In Australia and around the world, government public health advisors have become unlikely national celebrities. America has the lovably gravel-voiced Dr Anthony Fauci, tasked with the unenviable job of correcting all of Donald Trump’s mistakes live on television — with the President repeatedly butting in to argue back. Britain had the now-disgraced “Dr Lockdown”, Prof Neil Ferguson, forced to resign in a lurid sex scandal. And Australia had its soft-spoken Chief Medical Officer, Prof Brendan Murphy.
The subject of often glowing media coverage and widely lauded as he stepped down last week, it was Prof Murphy who made the tough calls to shut Australia off from the outside world, beginning with China on February 1 and escalating through Iran (March 1), South Korea (March 4), and Italy (March 11), culminating in the near-total closure of the border on March 20. With Prime Minister Scott Morrison pledging that “all decisions taken by the Government” with regard to the coronavirus would be “guided by the expert medical advice of the Australian Health Protection Principal Committee” (AHPPC) led by Prof Murphy, the country’s fate rested on the professor’s shoulders.
At least, that’s how the story has been spun.
In reality, a day before the National Security Committee of Cabinet (NSC) decided to close the border to China, Prof Murphy told a press conference that the “our Health Protection Principal Committee [AHPPC] does not recommend banning direct flights from China, as it’s not a public health measure.” The story has repeatedly been told of how Prof Murphy then woke up on Saturday morning, February 1, to the realisation that restrictions on travel from China were urgently needed within hours. This apparently had nothing to do with the fact that, overnight, the United States had imposed a China travel ban of its own.
At a February 2 press conference, Prof Murphy explained that the apparent about-face was actually the “corollary” of a simple definitional change resulting from a new awareness of “sustained transmission” of the coronavirus outside the epicentre of Hubei province. As a result of this, the AHPPC unanimously changed its opinion on travel from China, overnight, on a weekend, based on no new information or guidance from the WHO, without reference to American developments, coincidentally with the US decision to ban travel that very night.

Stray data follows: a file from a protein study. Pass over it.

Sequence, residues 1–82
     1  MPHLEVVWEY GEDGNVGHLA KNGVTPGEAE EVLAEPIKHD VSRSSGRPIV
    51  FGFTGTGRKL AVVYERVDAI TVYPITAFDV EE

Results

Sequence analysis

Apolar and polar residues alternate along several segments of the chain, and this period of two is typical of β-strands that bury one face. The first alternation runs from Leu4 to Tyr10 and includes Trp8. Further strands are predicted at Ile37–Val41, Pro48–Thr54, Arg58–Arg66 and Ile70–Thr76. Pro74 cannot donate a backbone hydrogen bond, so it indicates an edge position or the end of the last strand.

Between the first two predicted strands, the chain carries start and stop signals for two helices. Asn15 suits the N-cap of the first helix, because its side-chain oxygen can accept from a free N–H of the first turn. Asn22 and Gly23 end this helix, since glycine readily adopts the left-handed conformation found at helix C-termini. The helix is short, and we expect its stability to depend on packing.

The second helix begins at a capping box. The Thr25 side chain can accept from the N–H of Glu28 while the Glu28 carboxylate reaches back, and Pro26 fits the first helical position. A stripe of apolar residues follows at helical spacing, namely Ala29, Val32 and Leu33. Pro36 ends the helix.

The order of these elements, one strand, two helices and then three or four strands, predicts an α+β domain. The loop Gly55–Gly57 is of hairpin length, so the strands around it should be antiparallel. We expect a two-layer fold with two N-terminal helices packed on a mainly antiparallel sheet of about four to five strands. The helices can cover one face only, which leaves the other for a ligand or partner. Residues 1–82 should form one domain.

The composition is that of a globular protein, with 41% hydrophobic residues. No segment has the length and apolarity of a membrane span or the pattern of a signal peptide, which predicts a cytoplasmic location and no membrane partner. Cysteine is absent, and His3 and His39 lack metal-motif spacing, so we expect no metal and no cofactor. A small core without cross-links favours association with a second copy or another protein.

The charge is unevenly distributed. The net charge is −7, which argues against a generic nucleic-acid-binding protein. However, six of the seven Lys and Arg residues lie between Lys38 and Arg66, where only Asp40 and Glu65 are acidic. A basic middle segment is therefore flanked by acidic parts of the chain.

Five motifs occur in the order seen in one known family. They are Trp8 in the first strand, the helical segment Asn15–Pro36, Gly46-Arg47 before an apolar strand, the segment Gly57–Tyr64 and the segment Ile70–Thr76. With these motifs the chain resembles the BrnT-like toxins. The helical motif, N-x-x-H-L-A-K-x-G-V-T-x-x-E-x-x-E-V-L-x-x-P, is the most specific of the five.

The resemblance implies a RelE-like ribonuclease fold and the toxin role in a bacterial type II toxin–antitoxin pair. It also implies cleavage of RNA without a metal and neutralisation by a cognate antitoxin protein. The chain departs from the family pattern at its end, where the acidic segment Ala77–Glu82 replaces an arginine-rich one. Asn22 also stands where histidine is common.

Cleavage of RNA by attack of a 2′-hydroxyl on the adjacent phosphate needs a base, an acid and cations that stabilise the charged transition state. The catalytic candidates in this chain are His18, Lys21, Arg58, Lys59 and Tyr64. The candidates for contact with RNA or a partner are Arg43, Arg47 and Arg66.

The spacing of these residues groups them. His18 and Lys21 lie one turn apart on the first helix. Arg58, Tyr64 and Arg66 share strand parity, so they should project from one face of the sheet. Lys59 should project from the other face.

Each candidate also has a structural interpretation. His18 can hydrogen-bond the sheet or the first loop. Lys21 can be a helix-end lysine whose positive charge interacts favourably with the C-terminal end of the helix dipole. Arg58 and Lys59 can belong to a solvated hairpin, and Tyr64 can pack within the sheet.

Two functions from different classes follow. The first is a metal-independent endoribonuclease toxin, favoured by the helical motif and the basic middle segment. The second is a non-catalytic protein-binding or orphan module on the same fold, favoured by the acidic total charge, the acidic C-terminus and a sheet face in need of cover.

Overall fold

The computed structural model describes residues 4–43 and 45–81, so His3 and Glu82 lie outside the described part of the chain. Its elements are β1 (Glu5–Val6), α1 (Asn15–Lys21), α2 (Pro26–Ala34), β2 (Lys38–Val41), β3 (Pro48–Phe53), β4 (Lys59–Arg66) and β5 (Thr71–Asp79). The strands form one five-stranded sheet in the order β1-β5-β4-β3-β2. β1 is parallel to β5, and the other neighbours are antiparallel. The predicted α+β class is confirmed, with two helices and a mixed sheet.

That might just be believable, were it not for what came next. On February 13 and February 19, the AHPPC advocated relaxations in the China travel restrictions to allow international students into the country. On February 26, the AHPPC began building a case against any further travel restrictions, arguing that the extension of “travel bans to restrict travel from multiple countries is not likely to be feasible or effective.” On February 29, the AHPPC flatly stated its position that: “border measures can no longer prevent importation of COVID-19 and [the AHPPC] does not support the further widespread application of travel restrictions.”
In that same statement, the AHPPC suggested “preventing entry to Australia for travellers from Iran … could be considered”, but the AHPPC “was concerned that further travel restrictions may set an unrealistic expectation that such measures are of ongoing value for further countries.” The NSC halted entry from Iran the next morning. So much for being guided by medical advice.
On March 4, the AHPPC recommended that “the Government direct primary focus toward domestic containment and preparedness”, reinforcing its message that it “does not support the further widespread application of travel restrictions.” The NSC restricted travel from South Korea the very next day. When it came to Italy, Prof Murphy and the AHPPC didn’t even bother to offer any public guidance. The NSC restricted travel on March 11.
Finally, on March 18, on the eve of the government’s decision to close Australia’s borders to the entire world, the AHPPC offered one last piece of travel advice: either impose “restrictions on all countries” or (with equal effect) consider “lifting all travel restrictions.”
Prof Murphy and the AHPPC consistently showed a preference for fighting the coronavirus in the community instead of at the border. That should come as no surprise: they are doctors, not border guards. But what Australia needed in the crucial early weeks of the coronavirus crisis was just that: alert and enthusiastic border guards.
Had the NSC been less cowed by medical advice and more aggressive in policing the border, Australia might have dodged the coronavirus bullet. That we came so close is entirely down to ignoring the medicos, not following their advice.
Salvatore Babones is The Philistine. Read his full analysis of “The Coronavirus and the Perils of Expert-Driven Policy” in the upcoming July-August issue of Quadrant